Originally published by: CSULB COLLEGE OF CONTINUING AND PROFESSIONAL EDUCATION
Expanding Opportunities, Annual Report 2015-2016
Usually, it’s hard to get excited to go to school on Saturday mornings. But for many highs school students in the Long Beach Unified School District (LBUSD), the chance to get tuition-free college credit while expanding their minds has spurred them to sit attentively in class over the course of several weekends this past year.
Originally launched in the fall of 2015, the Long Beach Ethnic Studies Program (LB-ESP) is a collaboration between LBUSD and CSULB that started with one professor’s personal mission and soon grew to receive wide support from students, parents, and school district officials.
CSULB Professor Armando Vazquez-Ramos initially began teaching his Introduction to Chicano and Latino Studies course in selected area high schools, providing a new understanding of important social, political, economic, and historic aspects of the Chicano/Latino experience in the U.S. An article about the class was feature in the Long Beach Press-Telegram and garnered widespread support from the public as well as LBUSD Superintendent Christopher J. Steinhauser, who soon proposed The Long Beach College Promise: $1.2 million to fund 12 classes per semester over a five-year period.
As the project’s coordinator, Vazquez-Ramos spearheaded efforts to develop curriculum, employ faculty, and produce a textbook-sized syllabus and reader, U.S. Diversity and the Ethnic Experience – all in just four months. The response was tremendous: nearly 2,000 students and parents attended the initial class orientations, with 750 students registering for 420 open enrollment spots. That led to over 300 students being put on a waiting list for the Spring 2016 semester.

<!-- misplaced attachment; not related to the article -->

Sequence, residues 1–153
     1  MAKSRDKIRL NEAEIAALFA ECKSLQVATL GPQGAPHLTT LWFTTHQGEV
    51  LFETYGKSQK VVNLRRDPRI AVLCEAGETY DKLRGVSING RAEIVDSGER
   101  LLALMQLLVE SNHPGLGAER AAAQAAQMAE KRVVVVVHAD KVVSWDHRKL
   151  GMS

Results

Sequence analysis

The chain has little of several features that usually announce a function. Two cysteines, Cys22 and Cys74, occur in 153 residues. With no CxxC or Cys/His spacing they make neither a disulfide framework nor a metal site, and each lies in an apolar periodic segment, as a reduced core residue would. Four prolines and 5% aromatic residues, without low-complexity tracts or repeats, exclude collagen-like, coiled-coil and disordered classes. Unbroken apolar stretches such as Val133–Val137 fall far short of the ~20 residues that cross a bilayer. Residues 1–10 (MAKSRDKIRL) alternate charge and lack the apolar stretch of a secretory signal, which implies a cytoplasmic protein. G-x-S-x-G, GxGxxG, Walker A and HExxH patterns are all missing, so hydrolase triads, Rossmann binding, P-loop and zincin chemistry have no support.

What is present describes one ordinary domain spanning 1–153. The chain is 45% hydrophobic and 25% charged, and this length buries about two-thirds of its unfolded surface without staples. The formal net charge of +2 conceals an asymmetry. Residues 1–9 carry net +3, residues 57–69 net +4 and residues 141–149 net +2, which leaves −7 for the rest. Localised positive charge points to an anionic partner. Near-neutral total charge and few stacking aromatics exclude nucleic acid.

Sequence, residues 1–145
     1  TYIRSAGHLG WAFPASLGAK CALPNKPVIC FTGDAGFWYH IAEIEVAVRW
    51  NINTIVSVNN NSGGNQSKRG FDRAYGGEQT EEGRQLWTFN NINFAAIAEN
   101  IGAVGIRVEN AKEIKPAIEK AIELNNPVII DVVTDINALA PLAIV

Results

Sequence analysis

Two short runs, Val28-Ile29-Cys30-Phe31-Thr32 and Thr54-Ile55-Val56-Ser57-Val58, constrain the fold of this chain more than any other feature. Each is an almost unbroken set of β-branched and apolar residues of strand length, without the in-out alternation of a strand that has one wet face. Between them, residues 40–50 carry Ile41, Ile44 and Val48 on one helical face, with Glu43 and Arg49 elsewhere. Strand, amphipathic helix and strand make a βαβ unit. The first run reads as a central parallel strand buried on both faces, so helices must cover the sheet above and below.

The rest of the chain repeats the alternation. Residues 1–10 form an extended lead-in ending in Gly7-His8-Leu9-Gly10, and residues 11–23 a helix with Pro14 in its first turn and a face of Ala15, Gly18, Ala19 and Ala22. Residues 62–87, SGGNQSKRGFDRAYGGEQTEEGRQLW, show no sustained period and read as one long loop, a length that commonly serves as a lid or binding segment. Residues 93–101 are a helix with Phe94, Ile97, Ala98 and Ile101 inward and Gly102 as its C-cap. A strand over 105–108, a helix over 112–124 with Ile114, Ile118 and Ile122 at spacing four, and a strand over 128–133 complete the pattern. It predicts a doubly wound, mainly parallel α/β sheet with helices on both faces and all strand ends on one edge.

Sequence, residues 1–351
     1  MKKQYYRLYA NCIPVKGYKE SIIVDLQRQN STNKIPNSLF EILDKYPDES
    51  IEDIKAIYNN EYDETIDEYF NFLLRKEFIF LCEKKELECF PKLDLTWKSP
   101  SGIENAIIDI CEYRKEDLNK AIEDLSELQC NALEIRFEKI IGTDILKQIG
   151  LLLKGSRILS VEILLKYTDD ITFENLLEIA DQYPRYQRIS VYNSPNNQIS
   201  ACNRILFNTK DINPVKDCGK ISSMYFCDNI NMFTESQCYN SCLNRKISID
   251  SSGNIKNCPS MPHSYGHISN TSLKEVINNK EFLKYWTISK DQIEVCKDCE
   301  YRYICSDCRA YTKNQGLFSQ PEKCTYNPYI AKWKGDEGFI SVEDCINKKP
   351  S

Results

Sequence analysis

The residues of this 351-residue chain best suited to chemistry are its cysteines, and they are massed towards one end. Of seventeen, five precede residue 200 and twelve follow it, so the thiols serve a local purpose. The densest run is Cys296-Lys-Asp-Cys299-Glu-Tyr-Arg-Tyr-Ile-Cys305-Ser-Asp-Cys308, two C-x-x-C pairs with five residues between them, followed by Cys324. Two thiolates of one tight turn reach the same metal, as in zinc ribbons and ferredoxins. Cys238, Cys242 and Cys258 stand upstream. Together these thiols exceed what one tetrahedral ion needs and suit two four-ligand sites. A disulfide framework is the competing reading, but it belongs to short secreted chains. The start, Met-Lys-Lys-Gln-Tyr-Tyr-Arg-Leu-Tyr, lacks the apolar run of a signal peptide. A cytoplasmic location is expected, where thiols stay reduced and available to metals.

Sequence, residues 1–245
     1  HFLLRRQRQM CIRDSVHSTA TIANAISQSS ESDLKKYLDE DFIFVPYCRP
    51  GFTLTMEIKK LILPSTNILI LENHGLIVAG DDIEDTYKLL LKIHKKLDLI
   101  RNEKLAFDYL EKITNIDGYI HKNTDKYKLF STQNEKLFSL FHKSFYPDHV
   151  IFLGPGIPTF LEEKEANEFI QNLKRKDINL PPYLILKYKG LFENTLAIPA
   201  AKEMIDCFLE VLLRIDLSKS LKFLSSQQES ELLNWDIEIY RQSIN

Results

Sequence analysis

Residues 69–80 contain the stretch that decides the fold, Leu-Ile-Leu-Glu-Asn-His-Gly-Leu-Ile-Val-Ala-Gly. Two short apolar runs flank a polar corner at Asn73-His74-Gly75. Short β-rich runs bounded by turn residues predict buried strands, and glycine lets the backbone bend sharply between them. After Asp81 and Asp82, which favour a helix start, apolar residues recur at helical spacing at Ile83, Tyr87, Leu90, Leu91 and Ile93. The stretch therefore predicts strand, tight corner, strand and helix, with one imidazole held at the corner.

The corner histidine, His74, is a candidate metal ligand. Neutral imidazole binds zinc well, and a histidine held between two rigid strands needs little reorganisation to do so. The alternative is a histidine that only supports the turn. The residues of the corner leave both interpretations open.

Now in its second year, LB-ESP has expanded to 15 classes form 9:00 am to 12:00 noon on Saturdays at six LBUSD high schools, including summer sessions. The subject matter has also grown beyond Chicano and Latino Studies and now includes Africana, Asian and Asian-American, and American Indian courses.
“Our students and their families express great appreciation for the Ethnic Studies program,” LBUSD Superintendent Christopher J. Steinhauser said. “The program has quickly become a success, with high levels of participation. That’s a testament to the demand for these important courses, and to our school district’s enviable partnership with the university and its College of Continuing and professional Education.”
Professor Vazquez-Ramos continues to provide this expertise to help schools develop a comprehensive Ethnic Studies curriculum, as taught by their own high school teachers. The collaborations are being presented at academic conferences as well as in a new documentary film, Legacy and Leadership: The Long Beach Ethnic Studies Program. Plans are underway for this cutting-edge educational model to be replicated by other partnerships between colleges and local school districts across the country.
“I really loved the course because personally, I am Mexican, and in my classes I never really felt that I was taught anything of my culture that I could relate to. So while taking the class, I was actually able to learn more about me as a person, where my own biases came from, and how intersectional all minority groups are,” Jackie Piña, Lakewood High School student.
“Going into this class, I was kind of shy, I wasn’t open to other people’s cultures, I was really trying to learn about mine a little bit more. But [the class] opened my mind, it broadened my perspective of other people’s cultures,” Shanon Mendoza, Wilson High School student.
Download the Full CCPE Report here: Expanding Opportunities Annual Report 2015-2016